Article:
A Canterbury Tale

(Michael Powell & Emeric Pressburger, UK, 1944)


Late in his career, the great British director Michael Powell made Peeping Tom (1960), a film which draws a stark equation between the act of filmmaking and various perverse aberrations including voyeurism and murder. Sixteen years previously, in a far gentler mood, Powell pursued a very different line of analogy in order to understand his deep love for his chosen medium. In the wonderful A Canterbury Tale, movie watching is a fine, sedentary pleasure on a par with train travelling and churchgoing.

A Canterbury Tale is an utterly unique film which could only have been realised by a privileged pair – Powell and his close collaborator Emeric Pressburger. Although their films were not always commercially successful – and, as was the case here, were sometimes tampered with in the marketplace – they exercised total artistic control at the production stage. This video release is the full, two-hour version restored last decade by Britain’s National Film Archive.

It is a disarmingly whimsical and meandering piece, unhurriedly weaving together the stories of four modern “pilgrims” on their way to Canterbury. Bob (John Sweet) is a genial American soldier, contrasted with Peter (Dennis Price), a brooding British soldier. In a small Kent town they encounter Alison (Sheila Sim), who has been marked by a personal tragedy, and Thomas (Eric Portman), an elder statesman obsessed with historical legends of the region.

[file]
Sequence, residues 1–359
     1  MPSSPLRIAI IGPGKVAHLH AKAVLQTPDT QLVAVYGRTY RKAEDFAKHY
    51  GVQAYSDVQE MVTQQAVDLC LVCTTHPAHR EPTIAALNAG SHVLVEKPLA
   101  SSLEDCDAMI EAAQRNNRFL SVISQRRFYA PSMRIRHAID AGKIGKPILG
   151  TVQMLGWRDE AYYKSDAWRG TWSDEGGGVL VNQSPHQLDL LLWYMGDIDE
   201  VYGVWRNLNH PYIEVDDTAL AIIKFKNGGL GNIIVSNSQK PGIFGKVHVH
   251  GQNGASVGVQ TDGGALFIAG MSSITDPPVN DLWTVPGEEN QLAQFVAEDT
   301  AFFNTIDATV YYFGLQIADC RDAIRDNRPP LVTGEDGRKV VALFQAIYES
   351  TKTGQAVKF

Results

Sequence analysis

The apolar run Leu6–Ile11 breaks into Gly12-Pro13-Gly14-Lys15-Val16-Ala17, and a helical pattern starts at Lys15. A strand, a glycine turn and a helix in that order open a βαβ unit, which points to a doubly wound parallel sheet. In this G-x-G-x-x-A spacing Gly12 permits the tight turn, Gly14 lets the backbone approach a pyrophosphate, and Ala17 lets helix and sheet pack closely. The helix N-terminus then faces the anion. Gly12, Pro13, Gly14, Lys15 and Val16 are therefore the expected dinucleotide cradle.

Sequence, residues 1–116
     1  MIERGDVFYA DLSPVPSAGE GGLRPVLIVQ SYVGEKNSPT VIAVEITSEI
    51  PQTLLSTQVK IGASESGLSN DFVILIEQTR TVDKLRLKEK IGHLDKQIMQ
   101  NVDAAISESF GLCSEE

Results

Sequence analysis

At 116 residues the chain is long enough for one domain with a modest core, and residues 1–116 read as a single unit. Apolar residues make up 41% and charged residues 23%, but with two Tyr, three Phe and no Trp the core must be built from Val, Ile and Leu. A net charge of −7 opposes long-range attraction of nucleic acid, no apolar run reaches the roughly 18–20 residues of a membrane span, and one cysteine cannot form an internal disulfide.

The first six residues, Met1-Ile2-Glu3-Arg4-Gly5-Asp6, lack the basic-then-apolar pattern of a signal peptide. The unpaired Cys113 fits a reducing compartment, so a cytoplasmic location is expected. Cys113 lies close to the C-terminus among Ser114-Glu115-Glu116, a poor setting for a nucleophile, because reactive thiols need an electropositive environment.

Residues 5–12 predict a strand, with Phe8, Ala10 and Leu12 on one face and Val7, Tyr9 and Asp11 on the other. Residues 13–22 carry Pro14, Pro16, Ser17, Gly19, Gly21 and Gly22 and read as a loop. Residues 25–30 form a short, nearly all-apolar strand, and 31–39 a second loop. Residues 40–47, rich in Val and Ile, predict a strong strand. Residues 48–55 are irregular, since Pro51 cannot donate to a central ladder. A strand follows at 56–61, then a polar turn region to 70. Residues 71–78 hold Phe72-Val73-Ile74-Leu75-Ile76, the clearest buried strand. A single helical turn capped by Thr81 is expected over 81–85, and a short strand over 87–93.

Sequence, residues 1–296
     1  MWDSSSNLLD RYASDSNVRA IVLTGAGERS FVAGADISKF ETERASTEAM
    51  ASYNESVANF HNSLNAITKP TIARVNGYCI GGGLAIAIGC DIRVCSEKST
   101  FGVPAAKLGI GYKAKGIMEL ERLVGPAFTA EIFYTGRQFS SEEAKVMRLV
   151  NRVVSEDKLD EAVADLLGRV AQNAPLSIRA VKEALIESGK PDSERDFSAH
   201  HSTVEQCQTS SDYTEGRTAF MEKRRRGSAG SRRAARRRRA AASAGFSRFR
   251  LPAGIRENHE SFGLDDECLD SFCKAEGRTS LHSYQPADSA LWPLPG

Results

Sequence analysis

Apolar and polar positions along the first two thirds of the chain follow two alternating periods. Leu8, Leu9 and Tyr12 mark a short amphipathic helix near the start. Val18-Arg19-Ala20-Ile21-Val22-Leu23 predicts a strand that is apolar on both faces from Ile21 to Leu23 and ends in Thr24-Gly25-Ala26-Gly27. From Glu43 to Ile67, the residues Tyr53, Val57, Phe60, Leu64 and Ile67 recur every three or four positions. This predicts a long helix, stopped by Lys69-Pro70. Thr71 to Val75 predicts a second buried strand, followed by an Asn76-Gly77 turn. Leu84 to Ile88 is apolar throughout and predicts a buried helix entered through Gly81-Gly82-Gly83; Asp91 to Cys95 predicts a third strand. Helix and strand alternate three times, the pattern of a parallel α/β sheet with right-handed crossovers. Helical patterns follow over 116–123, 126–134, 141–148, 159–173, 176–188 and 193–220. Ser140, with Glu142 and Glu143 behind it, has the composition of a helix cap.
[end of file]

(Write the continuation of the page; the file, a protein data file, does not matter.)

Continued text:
The collective search for a mysterious “glueman” – a local rascal who pours glue onto the heads of unsuspecting women at night – provides Powell and Pressburger with a thin, comic, plot pretext. Most of the film shows, in loving detail, the odd rituals of everyday life in Kent. It is from this quotidian reality that the understated but deeply moving pathos of the story emerges.

Martin Scorsese has called Powell and Pressburger “the most successful experimental filmmakers in the world”, and this film’s lackadaisical narrative, its mixture of sophistication and naïveté, and its alternation of comic and dramatic elements bears out his description. Above all there is a musical, almost abstract quality to the way A Canterbury Tale deploys light, camera movement and rhythm – a lasting testament to Powell’s life-long dream of creating a “pure cinema”.

MORE Powell & Pressburger: The Red Shoes

© Adrian Martin June 1994

Film Critic: Adrian Martin
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